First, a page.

Hand surgery is an orthopedic procedure that involve the fingers, hands and wrists and sometimes the forearms, elbows and shoulders.
Hand surgery is meant to help alleviate restricted range of motion, to repair muscles, tendons or bones damaged through injury or disease, as well as to restore the appearance of hands and fingers in the case of disfigurement or birth defects.
Early repair and grafting is an essential component of hand surgery. Nerve repair is important because a delay in reconnecting the nerve fibers may affect the recovery of sensation in the hand. Restoration of sensation in the hand is necessary if the patient is to recover a reasonable level of functionality. Next, the bones in the hand must be stabilized in a fixed position before the surgeon can repair joints or tendons. Joint mobility may be restored by specific tendon repairs or grafts. In some cases, the patient’s hand may require several operations over a period of time to complete the repair.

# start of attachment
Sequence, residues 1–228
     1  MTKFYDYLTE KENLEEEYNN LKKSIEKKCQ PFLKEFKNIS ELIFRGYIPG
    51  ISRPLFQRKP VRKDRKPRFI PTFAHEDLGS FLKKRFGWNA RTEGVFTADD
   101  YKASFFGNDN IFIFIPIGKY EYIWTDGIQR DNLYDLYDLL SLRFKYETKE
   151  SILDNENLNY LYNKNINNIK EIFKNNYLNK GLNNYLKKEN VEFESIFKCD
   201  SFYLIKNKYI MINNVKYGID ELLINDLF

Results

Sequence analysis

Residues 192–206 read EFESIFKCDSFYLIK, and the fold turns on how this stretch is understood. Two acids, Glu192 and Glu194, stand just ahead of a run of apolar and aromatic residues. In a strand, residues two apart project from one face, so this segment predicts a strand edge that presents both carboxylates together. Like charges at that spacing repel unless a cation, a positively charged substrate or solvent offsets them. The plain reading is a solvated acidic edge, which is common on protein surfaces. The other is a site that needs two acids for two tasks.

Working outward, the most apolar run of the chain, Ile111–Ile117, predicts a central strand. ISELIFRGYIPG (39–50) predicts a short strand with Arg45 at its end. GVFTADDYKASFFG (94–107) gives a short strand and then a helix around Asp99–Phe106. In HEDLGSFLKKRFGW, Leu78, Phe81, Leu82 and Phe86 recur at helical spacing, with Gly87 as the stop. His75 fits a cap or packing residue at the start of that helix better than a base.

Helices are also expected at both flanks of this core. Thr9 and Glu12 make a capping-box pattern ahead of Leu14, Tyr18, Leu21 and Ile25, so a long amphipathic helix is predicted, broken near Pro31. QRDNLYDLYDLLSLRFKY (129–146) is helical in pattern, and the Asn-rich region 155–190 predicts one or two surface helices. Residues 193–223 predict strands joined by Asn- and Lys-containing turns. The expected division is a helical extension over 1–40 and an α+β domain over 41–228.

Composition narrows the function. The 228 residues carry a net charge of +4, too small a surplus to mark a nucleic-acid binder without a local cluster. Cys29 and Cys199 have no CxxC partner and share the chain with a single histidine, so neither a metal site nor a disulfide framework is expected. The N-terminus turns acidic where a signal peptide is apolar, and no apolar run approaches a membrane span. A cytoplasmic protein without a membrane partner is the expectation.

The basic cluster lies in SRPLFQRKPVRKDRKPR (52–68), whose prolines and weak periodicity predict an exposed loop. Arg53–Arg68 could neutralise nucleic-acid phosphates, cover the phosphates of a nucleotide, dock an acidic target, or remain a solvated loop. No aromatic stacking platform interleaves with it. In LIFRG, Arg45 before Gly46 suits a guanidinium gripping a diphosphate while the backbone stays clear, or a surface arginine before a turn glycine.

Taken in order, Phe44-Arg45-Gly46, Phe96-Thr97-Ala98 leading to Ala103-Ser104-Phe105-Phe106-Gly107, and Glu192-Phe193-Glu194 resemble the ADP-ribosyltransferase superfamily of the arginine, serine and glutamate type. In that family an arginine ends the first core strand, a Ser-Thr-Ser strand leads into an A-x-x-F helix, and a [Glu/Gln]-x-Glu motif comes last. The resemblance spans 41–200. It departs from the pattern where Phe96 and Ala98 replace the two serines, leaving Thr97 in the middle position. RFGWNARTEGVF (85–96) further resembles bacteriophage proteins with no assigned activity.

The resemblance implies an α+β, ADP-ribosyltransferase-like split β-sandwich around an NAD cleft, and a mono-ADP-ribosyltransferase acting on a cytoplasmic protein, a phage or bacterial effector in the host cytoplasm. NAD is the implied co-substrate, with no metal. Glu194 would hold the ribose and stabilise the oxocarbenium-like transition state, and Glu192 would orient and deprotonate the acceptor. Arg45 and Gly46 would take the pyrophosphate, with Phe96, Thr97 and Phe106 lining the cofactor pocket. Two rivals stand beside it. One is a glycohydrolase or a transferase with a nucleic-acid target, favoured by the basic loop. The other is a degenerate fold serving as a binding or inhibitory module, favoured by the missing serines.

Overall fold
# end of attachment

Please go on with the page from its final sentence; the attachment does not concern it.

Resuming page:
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CostsA surgeonâ€™s cost may vary based on his or her experience, the type of procedure used, as well as geographic location.
Cost may include: surgeonâ€™s fee, hospital or surgical facility costs, anesthesia fees, prescriptions for medication, post-surgery garments and medical tests.
Surgeon FeesAs surgeon fees vary, you will need to speak with your surgeon to determine his/her costs.
RecoveryAftercare following hand surgery may include one or more of the following, depending on the specific procedure: oral painkilling medications, anti-inflammatory medications, antibiotics, splinting, traction, special dressings to reduce swelling, and heat or massage therapy. Because the hand is a very sensitive part of the body, the patient may experience severe pain for several days after surgery.
Exercise therapy is an important part of aftercare for most patients who are recovering from hand surgery. A rehabilitation hand specialist will demonstrate exercises for the hand, instruct the patient in proper wound care , massage the hand and wrist, and perform an ongoing assessment of the patient’s recovery of strength and range of motion in the hand.